Enhanced neural reactivity and selective attention to threat in anxiety

Sharon Eldar*, R. Yankelevitch Roni, Dominique Lamy, Yair Bar-Haim

*Corresponding author for this work

Research output: Contribution to journalArticlepeer-review

131 Scopus citations


Attentional bias towards threat is implicated in the etiology and maintenance of anxiety disorders. We examined the neural correlates of threat bias in anxious and nonanxious participants to shed light on the neural chronometry of this cognitive bias. In this study, event-related potentials (ERPs) were recorded while anxious (n= 23) and nonanxious (n= 23) young adults performed a probe-discrimination task measuring attentional bias towards threat (angry) and positive (happy) face stimuli. Results showed an attention bias towards threat among anxious participants, but not among nonanxious participants. No bias to positive faces was found. ERP data revealed enhanced C1 amplitude (∼80. ms following threat onset) in anxious relative to nonanxious participants when cue displays contained threat faces. Additionally, P2 amplitude to the faces display was higher in the anxious relative to the nonanxious group regardless of emotion condition (angry/happy/neutral). None of the ERP analyses associated with target processing were significant. In conclusion, our data suggest that a core feature of threat processing in anxiety lies in functional perturbations of a brain circuitry that reacts rapidly and vigorously to threat. It is this over-activation that may set the stage for the attention bias towards threat observed in anxious individuals.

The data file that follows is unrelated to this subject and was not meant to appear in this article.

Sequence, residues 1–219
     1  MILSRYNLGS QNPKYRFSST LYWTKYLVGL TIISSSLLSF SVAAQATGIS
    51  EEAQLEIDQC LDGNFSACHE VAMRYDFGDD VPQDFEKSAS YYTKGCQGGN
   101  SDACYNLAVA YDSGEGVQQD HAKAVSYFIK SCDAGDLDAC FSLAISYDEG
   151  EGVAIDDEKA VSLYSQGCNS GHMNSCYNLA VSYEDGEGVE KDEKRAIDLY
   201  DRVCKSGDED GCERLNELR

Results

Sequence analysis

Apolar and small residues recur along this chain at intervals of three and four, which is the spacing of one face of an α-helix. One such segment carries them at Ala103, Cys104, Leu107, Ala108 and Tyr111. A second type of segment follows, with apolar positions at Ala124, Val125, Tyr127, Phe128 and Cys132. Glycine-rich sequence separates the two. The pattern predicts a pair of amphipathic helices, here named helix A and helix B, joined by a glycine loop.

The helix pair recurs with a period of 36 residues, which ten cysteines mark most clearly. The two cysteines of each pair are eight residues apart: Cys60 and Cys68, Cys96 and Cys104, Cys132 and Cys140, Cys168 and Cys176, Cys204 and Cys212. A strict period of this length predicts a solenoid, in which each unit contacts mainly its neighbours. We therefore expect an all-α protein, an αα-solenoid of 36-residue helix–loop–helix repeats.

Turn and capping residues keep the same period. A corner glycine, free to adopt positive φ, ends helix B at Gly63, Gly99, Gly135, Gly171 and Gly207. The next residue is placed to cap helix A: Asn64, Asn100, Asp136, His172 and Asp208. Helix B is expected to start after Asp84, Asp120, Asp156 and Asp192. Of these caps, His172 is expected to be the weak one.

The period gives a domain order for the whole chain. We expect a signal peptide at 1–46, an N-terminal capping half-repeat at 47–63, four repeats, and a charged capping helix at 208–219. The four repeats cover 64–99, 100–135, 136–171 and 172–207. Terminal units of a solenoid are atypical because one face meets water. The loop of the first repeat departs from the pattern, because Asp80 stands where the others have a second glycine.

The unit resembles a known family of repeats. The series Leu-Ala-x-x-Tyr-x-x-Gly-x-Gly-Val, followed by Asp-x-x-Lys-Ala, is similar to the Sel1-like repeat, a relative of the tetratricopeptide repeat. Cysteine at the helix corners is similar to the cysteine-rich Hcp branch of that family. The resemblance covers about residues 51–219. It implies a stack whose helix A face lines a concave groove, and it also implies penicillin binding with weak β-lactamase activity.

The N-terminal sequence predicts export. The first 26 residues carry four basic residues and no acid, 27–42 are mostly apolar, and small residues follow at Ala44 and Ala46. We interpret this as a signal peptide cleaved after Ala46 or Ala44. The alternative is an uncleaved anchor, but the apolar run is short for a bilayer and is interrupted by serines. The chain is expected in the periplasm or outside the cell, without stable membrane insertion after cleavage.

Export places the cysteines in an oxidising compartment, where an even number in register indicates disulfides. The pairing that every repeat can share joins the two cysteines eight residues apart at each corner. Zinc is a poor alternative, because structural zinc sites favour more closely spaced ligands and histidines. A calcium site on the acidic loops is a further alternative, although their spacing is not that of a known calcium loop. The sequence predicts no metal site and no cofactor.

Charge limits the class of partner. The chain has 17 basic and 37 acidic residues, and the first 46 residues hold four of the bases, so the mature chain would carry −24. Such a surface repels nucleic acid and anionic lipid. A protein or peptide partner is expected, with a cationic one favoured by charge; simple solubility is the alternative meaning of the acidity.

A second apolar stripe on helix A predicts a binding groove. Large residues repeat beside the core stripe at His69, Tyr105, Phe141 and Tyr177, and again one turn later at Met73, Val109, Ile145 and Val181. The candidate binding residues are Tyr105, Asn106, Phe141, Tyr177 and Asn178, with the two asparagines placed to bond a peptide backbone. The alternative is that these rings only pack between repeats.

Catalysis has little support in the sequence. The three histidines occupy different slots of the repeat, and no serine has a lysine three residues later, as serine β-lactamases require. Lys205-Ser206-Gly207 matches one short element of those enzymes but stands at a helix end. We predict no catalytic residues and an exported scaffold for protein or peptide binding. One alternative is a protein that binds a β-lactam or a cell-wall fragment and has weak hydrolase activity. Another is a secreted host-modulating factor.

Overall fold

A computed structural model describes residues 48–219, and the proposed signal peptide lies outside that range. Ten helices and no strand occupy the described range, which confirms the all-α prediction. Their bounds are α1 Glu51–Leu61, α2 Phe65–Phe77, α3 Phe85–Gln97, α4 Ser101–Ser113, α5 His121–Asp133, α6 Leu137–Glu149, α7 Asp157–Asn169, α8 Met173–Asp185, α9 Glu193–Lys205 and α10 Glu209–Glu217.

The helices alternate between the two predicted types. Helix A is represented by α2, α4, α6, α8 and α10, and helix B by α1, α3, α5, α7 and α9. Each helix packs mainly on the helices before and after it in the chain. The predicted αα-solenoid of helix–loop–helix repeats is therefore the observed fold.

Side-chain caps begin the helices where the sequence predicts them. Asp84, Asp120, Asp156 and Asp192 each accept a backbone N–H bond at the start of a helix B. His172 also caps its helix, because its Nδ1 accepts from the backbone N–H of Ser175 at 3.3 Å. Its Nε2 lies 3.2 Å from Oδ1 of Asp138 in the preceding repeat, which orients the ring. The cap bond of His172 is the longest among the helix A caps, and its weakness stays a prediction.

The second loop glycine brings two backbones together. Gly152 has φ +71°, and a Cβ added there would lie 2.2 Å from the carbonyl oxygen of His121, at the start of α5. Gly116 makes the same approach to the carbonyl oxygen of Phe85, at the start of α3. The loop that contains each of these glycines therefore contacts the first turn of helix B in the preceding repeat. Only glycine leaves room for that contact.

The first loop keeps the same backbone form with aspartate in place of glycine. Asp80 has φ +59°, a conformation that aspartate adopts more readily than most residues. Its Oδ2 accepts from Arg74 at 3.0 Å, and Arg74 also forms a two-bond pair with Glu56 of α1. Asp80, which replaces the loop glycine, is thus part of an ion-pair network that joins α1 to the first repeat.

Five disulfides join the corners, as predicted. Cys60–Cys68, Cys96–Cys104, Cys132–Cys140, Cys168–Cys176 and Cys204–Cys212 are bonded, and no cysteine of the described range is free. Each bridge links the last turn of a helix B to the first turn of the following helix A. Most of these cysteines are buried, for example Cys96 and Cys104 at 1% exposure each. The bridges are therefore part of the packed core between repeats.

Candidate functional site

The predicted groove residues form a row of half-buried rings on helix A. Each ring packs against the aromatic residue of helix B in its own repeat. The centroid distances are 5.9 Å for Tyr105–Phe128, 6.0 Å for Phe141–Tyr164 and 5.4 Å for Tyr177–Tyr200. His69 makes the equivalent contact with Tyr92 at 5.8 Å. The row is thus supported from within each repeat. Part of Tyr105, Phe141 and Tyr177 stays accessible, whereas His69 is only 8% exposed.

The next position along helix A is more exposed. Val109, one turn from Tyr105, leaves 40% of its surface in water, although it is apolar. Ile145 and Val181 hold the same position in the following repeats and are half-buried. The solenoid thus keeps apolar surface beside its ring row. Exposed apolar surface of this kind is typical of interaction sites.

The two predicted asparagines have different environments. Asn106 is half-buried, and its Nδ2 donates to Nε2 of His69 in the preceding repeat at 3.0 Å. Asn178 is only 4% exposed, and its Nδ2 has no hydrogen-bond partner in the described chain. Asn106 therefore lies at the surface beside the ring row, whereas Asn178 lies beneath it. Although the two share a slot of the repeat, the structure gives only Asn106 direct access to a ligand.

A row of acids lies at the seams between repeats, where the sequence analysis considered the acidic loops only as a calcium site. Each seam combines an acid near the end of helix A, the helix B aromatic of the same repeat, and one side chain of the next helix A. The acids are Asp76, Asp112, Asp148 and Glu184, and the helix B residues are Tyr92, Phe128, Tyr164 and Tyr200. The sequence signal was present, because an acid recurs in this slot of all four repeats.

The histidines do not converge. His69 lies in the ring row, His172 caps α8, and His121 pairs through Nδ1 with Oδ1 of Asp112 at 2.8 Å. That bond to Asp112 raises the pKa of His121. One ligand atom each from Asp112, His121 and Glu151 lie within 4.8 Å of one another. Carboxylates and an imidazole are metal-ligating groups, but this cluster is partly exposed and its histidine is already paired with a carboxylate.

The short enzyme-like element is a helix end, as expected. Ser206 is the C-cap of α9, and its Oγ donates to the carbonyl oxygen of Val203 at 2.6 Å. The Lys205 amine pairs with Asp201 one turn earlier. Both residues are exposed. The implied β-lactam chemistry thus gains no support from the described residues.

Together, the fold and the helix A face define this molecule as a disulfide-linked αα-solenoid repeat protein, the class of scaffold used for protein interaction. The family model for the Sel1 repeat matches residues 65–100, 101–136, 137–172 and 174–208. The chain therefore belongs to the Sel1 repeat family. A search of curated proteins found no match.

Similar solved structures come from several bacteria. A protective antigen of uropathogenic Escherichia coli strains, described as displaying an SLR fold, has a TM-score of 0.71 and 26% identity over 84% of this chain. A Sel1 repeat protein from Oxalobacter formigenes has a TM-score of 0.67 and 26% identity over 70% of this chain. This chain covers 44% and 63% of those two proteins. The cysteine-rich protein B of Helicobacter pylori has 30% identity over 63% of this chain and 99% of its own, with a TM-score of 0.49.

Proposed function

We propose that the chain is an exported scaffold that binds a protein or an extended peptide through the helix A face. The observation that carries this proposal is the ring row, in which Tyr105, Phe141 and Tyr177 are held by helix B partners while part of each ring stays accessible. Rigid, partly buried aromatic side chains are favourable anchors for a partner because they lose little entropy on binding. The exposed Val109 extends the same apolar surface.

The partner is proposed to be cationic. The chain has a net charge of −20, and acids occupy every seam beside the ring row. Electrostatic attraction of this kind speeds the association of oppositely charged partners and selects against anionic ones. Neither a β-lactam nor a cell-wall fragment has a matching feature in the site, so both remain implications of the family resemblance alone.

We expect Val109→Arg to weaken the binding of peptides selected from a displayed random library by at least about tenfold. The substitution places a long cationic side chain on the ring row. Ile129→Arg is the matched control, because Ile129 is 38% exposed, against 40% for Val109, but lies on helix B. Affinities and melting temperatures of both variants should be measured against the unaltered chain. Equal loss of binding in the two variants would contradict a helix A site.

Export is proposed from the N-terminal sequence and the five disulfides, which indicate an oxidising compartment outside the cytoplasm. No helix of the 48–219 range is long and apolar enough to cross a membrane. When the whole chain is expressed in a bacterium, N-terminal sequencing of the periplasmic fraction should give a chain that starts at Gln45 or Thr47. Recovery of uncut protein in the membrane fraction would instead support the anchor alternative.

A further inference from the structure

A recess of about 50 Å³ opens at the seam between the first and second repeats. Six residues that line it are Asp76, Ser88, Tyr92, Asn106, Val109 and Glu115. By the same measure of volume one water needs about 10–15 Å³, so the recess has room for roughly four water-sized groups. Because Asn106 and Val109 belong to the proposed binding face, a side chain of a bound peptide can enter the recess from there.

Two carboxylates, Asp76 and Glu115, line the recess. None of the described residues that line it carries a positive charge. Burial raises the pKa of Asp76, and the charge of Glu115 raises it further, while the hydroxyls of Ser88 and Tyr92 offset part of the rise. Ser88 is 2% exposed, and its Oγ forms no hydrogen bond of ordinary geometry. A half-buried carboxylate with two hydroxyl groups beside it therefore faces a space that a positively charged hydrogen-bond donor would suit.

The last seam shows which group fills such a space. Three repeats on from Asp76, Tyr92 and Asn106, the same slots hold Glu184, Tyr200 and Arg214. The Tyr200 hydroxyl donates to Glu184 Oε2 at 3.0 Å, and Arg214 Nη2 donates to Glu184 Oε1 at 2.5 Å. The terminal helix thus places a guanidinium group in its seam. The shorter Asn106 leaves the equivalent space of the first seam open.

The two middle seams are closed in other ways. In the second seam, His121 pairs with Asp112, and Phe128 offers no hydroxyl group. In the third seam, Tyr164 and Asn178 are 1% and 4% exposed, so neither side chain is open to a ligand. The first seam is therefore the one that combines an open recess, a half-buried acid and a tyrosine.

Original languageEnglish
Pages (from-to)252-257
Number of pages6
JournalBiological Psychology
Issue number2
StatePublished - Oct 2010


FundersFunder number
Helen and Woolf Marmot
Israel Science Foundation964/08


    • Anxiety
    • Attention bias
    • Dot-probe
    • ERP
    • Threat processing


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